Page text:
Managing the migration process is always an issue. There are several ways to better streamline and control the process.
Q. We’re using Microsoft Exchange Server 2010 SP1 as our messaging infrastructure. We’re planning to upgrade to Exchange Server 2010 SP2. We want to do so as soon as possible, because we want to use the new Address Book Policies (ABPs).
As we prepare to upgrade to Exchange 2010 SP2, we aren’t sure if we need to prepare the Active Directory using “Setup /PrepareAD.” Is it enough to extend the schema using “Setup /PrepareSchema?” We saw “Exchange Schema Versions – Common Questions & Answers” on the TechNet wiki, but that doesn’t say anything about the requirement to prepare Active Directory, only the schema.
In our lab environment, we only ran “Setup /PrepareSchema” and were able to upgrade the Exchange 2010 servers to SP2 without any issues. Could you shed some light on this?
A. Before you upgrade the Exchange 2010 servers to SP2, you must extend the schema using “Setup /PrepareSchema.” You must also prepare Active Directory using “Setup /PrepareAD.” For small deployments, you could have the setup wizard automatically prepare your group for the upgrade. It can do this if the logged-on account holds the required permissions.
In large enterprise environments, it’s a good idea to prepare the schema and Active Directory in separate steps. Most large enterprise customers require this approach, as they usually have a dedicated Active Directory to perform these preparation steps.
It sounds like you were able to upgrade your Exchange 2010 servers in the lab without running “Setup /PrepareAD” because you were logged on with an account with the appropriate permissions.
Q. We’re a large Exchange hosting provider, and we plan to migrate to Exchange 2010 running in non-hosted mode, using a third-party control panel for the provisioning logic and multitenancy.
Because we’ll be using a third-party control panel, we wish to disable access to the “Manage My Organization” setting for Exchange Administrators accessing the Exchange Control Panel (ECP). We don’t want to disable access to the ECP in general, only the “Manage My Organization” feature (see Figure 1). Do you know if this is possible?
Figure 1 You can disable access to certain functions.
A. You couldn’t do this prior to Exchange 2010 SP2, unless you were running Exchange 2010 in hosted mode. That’s not to say you should’ve deployed Exchange 2010 in hosted mode. We actually recommend against doing this, and instead prefer to let a third-party control panel solution do all the provisioning and multitenancy, as you did.
So with Exchange 2010 SP1 running in hosted mode, one of our recommendations was to disable access to the “Manage My Organization” option within the ECP. You can do this using a registry key as explained in the Exchange 2010 Hosting documentation. You create a DWORD key named “OMECPDisabled” under “HKEY_LOCAL_MACHINE\SOFTWARE\MICROSOFT\ExchangeServer\v14.” Note that you don’t need to set a value for this key (see Figure 2).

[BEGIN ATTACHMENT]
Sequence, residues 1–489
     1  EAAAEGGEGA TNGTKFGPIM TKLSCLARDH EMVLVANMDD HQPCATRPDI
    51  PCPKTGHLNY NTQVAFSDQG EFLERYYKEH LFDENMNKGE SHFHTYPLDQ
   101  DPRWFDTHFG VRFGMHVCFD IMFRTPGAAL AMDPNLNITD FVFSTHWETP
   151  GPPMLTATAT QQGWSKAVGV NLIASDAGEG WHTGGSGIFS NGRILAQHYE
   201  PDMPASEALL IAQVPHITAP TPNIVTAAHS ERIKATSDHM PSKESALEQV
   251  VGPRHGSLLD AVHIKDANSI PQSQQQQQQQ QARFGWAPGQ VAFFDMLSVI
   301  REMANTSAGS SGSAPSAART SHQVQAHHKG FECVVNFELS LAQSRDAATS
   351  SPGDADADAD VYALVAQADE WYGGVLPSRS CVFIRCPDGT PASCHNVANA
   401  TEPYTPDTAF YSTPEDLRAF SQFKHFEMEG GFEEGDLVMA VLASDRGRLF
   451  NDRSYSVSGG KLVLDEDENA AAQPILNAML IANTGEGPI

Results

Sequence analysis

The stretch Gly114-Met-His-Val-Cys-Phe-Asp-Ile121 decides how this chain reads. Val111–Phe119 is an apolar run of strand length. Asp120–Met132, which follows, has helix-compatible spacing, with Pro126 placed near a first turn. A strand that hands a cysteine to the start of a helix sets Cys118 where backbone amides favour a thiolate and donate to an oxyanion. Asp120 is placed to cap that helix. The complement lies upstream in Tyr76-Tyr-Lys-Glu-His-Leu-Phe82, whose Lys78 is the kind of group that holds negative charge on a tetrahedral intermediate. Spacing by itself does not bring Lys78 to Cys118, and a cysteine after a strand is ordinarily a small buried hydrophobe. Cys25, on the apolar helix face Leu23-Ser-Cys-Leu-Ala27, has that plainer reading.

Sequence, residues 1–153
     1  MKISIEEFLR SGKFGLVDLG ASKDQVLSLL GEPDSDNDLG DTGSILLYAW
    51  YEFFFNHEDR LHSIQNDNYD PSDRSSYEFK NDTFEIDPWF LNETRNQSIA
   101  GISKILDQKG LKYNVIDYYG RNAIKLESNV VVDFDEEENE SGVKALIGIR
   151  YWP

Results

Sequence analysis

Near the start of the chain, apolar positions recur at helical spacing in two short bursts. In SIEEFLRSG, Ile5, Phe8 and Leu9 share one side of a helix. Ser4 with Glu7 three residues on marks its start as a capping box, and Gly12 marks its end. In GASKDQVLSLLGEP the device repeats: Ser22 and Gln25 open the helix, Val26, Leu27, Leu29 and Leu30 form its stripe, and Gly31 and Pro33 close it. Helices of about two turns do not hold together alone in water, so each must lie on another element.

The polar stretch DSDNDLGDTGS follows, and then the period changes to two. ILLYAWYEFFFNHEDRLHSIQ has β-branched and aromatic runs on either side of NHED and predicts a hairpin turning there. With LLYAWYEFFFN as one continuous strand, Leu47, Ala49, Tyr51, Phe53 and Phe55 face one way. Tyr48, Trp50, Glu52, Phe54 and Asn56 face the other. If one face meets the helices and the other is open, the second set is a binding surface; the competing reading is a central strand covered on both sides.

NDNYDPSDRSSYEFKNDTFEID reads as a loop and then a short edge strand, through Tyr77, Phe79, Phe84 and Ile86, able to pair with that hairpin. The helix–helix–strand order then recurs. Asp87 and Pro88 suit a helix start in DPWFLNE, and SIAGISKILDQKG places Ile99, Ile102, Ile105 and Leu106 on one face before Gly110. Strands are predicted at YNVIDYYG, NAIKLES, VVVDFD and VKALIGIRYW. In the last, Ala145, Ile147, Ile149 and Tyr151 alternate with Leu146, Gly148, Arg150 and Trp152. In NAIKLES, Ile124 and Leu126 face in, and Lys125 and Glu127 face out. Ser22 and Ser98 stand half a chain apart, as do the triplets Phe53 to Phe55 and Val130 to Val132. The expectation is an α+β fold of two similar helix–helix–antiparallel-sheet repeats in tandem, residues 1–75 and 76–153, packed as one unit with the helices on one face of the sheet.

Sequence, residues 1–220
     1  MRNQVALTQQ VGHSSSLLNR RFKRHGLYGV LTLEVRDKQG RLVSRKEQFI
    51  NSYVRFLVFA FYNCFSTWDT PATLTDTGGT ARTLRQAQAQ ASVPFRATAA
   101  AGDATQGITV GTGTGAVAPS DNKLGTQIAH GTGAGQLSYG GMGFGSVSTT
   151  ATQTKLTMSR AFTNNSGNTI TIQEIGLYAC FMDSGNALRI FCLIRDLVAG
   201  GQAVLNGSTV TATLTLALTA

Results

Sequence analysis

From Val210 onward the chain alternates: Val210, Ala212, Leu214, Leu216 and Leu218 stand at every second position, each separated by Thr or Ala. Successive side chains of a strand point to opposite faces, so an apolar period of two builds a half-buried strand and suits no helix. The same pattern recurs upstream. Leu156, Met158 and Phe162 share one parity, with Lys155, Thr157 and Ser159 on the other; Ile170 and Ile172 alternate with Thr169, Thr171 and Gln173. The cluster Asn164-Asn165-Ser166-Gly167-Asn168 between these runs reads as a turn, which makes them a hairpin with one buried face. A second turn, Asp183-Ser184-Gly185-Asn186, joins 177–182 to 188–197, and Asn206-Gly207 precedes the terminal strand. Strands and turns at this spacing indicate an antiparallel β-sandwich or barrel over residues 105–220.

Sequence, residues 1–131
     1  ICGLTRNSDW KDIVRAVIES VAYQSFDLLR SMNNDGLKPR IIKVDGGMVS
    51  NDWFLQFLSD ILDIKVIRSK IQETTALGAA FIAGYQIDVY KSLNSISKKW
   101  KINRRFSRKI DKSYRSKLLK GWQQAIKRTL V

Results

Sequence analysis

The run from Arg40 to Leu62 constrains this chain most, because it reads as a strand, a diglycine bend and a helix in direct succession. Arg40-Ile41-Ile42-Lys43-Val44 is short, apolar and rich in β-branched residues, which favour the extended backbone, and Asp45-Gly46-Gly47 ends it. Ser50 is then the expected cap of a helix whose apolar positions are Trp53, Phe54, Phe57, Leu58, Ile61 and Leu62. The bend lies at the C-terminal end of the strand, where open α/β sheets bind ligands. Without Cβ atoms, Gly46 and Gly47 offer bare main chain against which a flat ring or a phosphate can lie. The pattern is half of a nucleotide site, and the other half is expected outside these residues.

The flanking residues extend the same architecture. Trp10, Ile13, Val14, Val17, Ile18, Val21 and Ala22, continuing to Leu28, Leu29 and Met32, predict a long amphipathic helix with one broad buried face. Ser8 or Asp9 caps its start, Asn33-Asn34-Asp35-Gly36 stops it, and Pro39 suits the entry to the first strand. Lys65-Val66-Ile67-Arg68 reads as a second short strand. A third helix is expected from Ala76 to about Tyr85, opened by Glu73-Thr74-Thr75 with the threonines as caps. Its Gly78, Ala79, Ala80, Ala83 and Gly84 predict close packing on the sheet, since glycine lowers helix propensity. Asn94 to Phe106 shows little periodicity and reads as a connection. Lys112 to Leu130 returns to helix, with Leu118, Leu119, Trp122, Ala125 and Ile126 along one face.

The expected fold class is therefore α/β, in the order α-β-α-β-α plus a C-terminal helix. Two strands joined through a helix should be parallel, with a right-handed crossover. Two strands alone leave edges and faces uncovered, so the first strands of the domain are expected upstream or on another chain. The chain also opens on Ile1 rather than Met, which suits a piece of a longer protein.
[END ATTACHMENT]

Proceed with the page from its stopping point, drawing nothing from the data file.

Figure 2 It’s relatively straightforward to enable or disable access with registry keys.
After creating that key, you’d see what is shown in Figure 3 when accessing the ECP. There’s no longer a “Manage Myself” dropdown menu and you have no access to perform any administration on the organization level using the ECP—mission accomplished.
Figure 3 After making this modification, you’re locked out of administrative functions.
Notice this answer began with “Prior to Exchange 2010 SP2”? The registry key isn’t supported with Exchange 2010 in non-hosted mode when running Exchange 2010 SP1 or earlier. Here’s the good news, though: with Exchange 2010 SP2, you can use the same key to accomplish the same goal in Exchange 2010 non-hosted mode environments.
Q. We’re currently deploying and configuring the Exchange 2010 environment to which we’ll migrate from Exchange 2003 later this year. E-mail is mission-critical within our organization, so we will of course employ a Client Access array and Database Availability Groups (DAGs). To load balance incoming client traffic across the Client Access servers in the Client Access Service (CAS) array, we’ll use a hardware load balancer. We’ve heard it’s a good idea to configure static remote procedure call (RPC) ports on the CAS servers in such a scenario. What’s your opinion?
A. The short answer is yes: You should strongly consider configuring static RPC ports. There are several reasons for this.
First, it’s always a good idea to keep your network/security/firewall guys happy. Don’t ask them to keep IP ranges open. Instead, ask them to open up a few single ports. If you have one or more firewalls in place between the client subnet(s) and the load balancer/Exchange 2010 servers, you don’t configure static RPC ports on your CAS servers. You would need to ask them to open a huge RPC port range (more specifically, TCP port 135 and the dynamic port range 6005-59530).
By configuring static RPC ports, you only need to ask for three ports: TCP/135 (TCP endpoint mapper), the port assigned to the RPC CAS and the port assigned to the Exchange Address Book service.
Second, when you’re using a hardware load balancer and you don’t configure static RPC ports, you’ll often see a larger memory footprint than if you configured static RPC ports. Also, some load balancers don’t play well with dynamic port ranges in general. Finally, it’s easier to configure a monitoring solution to monitor three ports instead of a dynamic port range.
To learn how to configure static RPC ports, take a look at the TechNet wiki page, “Configure Static RPC Ports on an Exchange 2010 Client Access Server.”